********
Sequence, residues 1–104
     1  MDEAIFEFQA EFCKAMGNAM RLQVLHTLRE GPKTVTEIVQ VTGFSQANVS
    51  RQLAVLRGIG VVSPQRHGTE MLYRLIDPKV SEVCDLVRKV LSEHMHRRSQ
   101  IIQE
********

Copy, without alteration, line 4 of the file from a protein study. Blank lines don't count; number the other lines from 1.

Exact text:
   101  IIQE